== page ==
EnviroMT : A new controlled source/radio magnetotoelluric system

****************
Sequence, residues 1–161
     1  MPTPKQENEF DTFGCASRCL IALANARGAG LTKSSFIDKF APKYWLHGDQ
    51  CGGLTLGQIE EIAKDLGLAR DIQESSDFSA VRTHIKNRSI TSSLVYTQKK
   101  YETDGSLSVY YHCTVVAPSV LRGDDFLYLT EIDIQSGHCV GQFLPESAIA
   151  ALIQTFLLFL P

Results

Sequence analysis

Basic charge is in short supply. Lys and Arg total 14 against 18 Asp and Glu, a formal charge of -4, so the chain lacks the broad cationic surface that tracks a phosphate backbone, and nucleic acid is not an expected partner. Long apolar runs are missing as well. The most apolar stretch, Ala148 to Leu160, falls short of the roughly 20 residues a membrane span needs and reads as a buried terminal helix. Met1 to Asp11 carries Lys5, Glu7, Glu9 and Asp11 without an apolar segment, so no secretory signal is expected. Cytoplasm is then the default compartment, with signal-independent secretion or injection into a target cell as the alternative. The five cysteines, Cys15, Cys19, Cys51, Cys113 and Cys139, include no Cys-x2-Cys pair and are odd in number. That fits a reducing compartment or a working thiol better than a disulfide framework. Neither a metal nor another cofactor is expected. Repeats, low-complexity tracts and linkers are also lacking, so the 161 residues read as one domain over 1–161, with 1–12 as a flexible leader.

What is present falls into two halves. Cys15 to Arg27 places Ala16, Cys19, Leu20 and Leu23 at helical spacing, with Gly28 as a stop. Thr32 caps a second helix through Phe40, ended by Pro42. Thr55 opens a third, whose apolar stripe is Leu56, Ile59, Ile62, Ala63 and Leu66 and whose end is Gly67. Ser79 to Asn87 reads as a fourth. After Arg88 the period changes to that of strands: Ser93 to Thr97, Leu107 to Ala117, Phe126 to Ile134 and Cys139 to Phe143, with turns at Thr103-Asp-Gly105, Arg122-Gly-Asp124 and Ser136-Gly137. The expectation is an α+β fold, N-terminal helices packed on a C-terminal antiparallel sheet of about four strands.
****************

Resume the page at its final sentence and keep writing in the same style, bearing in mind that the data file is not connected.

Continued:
Abstract: In the frame of an EU project, a new electromagnetic prospecting instrument was designed and constructed for environmental and engineering applications. The instrument works in the frequency domain in the band 1-250 kHz, whereby the collected data can be used to study the variation of ground resistivity from the surface to a maximum depth of few hundred meters. The system is operational in two modes, the Radio Magnetotelluric (RMT) and the Controlled Source Tensor Magnetotelluric (CSTMT). The RMT method makes use of the signals generated by powerful distant radio transmitters operating in the frequency range 14-250 kHz. The CSTMT technique, with a remotely controllable double magnetic dipole source covering the band 1-100 kHz, is utilized when deeper targets are aimed at or low resistivity terrains are studied. With the aid of user-friendly database software the collected data can be visualized and modeled in1D, directly in the field. In November 1998, the first test survey at the Collendoorn dumpsite in the Netherlands was conducted to map the vertical boundaries and lateral extensions of the pollution plume along four RMT profiles located east of the dumpsite. The results of 1D inversion of the data correlated well with the bore-hole logs, revealing that the estimated resistivities and depths to the top of the pollution plume were realistic. The pollution plume appears to be extending more in the northern part. Another test was carried out north of Uppsala, at Skediga in Sweden, using both RMT and CSTMT techniques, to study the morphology of a clay-sandy aquifer. The depth of the resistive crystalline bedrock as estimated by 1D and 2D inversion of the EnviroMT data is in good agreement with bore-hole data. To the east, towards River Fyris the conductive clay lenses become thicker.
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